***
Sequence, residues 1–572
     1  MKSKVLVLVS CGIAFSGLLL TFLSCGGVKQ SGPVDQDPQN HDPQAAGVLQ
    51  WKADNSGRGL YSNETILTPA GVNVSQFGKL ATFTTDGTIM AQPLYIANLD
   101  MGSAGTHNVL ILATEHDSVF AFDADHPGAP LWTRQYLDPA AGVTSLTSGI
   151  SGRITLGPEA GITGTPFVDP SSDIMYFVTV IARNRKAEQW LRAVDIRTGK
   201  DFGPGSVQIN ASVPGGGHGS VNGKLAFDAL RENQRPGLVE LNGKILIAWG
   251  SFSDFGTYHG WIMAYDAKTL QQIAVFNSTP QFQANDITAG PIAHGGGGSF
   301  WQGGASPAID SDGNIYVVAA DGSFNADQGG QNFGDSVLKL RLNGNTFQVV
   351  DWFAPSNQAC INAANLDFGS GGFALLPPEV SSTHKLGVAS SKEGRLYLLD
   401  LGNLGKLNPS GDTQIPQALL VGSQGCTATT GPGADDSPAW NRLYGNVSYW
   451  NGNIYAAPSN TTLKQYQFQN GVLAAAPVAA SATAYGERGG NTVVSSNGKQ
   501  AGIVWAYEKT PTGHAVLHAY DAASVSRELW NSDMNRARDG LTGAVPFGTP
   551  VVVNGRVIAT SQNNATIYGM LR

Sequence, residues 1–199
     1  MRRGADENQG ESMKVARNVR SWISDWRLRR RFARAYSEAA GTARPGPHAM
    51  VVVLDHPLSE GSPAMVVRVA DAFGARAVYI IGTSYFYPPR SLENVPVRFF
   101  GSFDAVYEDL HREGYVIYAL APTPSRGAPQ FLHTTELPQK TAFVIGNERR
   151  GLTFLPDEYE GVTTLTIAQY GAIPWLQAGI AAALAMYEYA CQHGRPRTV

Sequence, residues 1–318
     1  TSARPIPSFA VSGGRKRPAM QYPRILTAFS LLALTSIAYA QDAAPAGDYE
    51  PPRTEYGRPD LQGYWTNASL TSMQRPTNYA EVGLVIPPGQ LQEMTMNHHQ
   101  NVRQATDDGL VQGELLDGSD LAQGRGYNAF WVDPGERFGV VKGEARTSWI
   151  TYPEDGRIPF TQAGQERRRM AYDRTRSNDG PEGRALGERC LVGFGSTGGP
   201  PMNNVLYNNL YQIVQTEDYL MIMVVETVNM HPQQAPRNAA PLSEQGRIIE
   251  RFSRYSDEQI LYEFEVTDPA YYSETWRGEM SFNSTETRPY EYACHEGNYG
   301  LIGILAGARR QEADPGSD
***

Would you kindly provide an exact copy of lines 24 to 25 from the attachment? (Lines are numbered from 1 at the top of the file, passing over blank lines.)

   201  PMNNVLYNNL YQIVQTEDYL MIMVVETVNM HPQQAPRNAA PLSEQGRIIE
   251  RFSRYSDEQI LYEFEVTDPA YYSETWRGEM SFNSTETRPY EYACHEGNYG